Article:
New York Knicks president Phil Jackson caused an uproar in NBA circles when he (for no specific reason) described LeBron James and his business associates as a "posse." The negative connotations with the word, caused both James and his business partner Maverick Carter to express their disappointment with Jackson and his general old-school way of going about things. And even though Jackson's comments is now weeks old, James has not forgiven him.

With the Cavaliers taking on the Knicks in New York City, James was asked if he would he sit down with the Zen Master if given the opportunity. James quickly dismissed the hypothetical.

From ESPN's Dave McMenamin:

"No," James said flatly after the Cavs' 112-108 win over the Toronto Raptors on Monday when asked whether he would entertain a conversation with Jackson when Cleveland plays the Knicks on Wednesday.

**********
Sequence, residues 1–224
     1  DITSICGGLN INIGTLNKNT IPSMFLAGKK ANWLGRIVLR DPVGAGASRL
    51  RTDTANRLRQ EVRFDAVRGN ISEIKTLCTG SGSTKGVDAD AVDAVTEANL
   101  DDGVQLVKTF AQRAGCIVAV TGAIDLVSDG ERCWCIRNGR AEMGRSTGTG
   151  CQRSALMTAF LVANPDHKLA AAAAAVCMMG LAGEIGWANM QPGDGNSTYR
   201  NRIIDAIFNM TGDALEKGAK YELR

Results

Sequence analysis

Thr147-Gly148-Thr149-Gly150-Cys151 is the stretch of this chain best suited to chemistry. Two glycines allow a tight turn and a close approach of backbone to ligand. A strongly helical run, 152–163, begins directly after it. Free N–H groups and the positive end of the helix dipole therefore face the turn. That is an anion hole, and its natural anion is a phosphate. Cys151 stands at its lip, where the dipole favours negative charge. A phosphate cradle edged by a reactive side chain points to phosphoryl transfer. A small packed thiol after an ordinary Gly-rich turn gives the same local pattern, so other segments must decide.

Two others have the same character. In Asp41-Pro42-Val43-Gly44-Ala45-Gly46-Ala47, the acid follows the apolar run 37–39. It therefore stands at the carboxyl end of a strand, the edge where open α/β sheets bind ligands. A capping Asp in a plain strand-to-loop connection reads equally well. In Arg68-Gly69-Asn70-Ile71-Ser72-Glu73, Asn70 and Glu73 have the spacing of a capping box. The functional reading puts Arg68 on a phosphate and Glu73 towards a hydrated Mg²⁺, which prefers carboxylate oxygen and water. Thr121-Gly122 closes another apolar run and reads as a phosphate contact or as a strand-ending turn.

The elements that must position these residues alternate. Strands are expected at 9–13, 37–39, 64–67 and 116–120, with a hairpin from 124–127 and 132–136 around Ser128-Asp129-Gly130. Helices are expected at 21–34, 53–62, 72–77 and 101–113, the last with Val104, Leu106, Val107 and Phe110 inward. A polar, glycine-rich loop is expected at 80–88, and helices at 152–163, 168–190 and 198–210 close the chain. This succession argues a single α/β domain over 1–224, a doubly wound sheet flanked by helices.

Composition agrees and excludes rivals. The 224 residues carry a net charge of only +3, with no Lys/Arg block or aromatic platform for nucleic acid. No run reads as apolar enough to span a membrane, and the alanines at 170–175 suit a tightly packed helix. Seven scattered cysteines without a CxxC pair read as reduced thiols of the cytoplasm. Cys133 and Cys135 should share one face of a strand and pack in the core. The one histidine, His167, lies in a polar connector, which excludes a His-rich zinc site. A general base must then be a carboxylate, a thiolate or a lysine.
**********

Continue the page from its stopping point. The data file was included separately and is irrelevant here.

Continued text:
When asked to reflect on the discussion that his response to Jackson prompted, James brought up the racial undertones that he believed were part of Jackson's "posse" characterization.

"Didn't affect me, just know how much further we still have to go and how far we still have to go as African-Americans, even in the light of today," James said. "For me, I've built my career on and off the floor on the utmost respect, and I've always given the utmost respect to everyone -- all my peers, people that's laid the path for me and laid the path for coaches, players, things of that nature.

"I've always given respect to them, and it's always, like I told you before, it's always shade thrown on me, so. It means we got a lot more work to do, myself and the team. We've got to continue to protect each other and continue to just be as great as we can be."

Clearly, James' stance on Jackson's "posse" comment hasn't changed. Which is not too surprising, since Jackson hasn't apologized nor has any plans to do so. Plus it took Jackson weeks before actually commenting on his poor choice of words.

Appearing on CBS Sports Network's "We Need To Talk" on Tuesday, Jackson basically downplayed his comment and called it "water under the bridge." But while Jackson may feel like that, James obviously doesn't, which could be a foreboding sign for the Knicks against the Cavs.